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June 24, 2015

18 Wonderful Photos of Marilyn Monroe Taken by Jack Cardiff in 1956

These wonderful portraits of Marilyn Monroe were taken by Jack Cardiff during the filming of The Prince and the Showgirl in 1956.
“All the stars I photographed had some kind of facial flaw which a badly placed light would disclose, or emphasize, and Marilyn was no exception—although she was as near-perfect as any cameraman could wish for. She had a classically sound bone structure; her cornflower-blue eyes were the right distance apart, and her full mouth was perfectly formed.”

Jack Cardiff (1914–2009) was one of the most honored and admired cameramen of the 20th century — the first cinematographer to be awarded an honorary Oscar (in 2000) for his life’s work. Cardiff invented new ways to use the camera to create Technicolor masterpieces such as The Red Shoes.

He spent 90 years in the movie business. As a cinematographer he worked with such directors as Michael Powell, Alfred Hitchcock and John Huston. Martin Scorsese, who is a huge fan, told that all those films with illustrious directors have a look that belongs uniquely to Cardiff.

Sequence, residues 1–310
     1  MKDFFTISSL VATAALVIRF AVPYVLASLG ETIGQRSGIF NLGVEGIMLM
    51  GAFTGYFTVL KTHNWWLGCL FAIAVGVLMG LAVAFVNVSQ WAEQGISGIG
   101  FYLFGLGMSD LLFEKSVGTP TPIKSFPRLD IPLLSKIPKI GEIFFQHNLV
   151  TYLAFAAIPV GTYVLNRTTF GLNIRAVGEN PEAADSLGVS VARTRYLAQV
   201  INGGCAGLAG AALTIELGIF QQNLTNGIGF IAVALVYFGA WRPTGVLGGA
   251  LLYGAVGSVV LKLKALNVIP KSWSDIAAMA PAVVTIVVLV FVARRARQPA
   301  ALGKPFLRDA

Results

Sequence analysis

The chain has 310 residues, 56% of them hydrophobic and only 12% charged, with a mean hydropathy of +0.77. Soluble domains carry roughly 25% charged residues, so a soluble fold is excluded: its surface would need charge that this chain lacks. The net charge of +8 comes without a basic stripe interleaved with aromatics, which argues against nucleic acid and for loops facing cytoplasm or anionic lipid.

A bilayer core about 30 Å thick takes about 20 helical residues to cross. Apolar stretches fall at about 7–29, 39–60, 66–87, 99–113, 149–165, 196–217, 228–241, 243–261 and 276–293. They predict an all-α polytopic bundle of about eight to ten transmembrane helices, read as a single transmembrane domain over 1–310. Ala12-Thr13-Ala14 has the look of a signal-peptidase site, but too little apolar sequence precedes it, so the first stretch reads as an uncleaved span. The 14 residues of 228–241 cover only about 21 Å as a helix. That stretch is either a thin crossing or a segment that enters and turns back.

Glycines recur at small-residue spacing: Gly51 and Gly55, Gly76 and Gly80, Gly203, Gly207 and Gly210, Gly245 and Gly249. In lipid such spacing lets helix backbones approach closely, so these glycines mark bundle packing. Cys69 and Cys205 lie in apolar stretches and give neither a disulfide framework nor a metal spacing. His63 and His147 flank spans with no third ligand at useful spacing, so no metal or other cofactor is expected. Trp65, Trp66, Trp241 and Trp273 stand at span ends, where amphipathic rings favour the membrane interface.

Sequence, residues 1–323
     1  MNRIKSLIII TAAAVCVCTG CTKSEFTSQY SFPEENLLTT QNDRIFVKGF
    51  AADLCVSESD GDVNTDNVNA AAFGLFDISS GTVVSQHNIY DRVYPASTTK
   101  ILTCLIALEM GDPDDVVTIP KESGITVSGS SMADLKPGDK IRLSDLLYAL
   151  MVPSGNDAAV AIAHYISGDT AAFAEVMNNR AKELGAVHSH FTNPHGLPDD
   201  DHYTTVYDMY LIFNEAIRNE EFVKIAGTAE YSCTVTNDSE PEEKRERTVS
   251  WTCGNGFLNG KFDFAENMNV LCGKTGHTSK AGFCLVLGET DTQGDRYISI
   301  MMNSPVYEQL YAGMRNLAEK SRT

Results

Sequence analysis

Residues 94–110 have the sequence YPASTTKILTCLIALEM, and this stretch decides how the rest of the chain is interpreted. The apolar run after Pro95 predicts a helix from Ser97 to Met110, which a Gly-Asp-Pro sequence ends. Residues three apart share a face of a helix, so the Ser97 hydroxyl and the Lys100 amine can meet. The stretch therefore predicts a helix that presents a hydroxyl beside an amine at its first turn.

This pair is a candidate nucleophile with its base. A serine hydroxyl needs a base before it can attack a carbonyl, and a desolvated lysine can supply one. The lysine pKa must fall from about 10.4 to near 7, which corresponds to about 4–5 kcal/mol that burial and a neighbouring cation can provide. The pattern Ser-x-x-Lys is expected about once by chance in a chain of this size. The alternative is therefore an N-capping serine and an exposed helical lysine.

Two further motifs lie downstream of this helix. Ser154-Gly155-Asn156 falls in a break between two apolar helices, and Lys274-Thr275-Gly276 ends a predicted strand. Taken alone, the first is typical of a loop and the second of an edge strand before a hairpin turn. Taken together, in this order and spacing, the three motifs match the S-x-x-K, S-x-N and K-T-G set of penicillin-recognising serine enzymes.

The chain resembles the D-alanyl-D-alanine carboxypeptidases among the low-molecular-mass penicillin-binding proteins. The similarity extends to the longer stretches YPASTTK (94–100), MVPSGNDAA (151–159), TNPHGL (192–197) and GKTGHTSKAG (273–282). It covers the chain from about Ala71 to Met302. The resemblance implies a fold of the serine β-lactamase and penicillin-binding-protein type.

Cardiff won an Oscar for the lush, atmospheric color and light he created for the 1947 film Black Narcissus. In 2000 he was awarded an OBE and in 2001 he was awarded an Honorary Oscar for his contribution to the cinema.

Jack Cardiff’s work is reviewed in the documentary film: Cameraman: The Life and Work of Jack Cardiff (2010).




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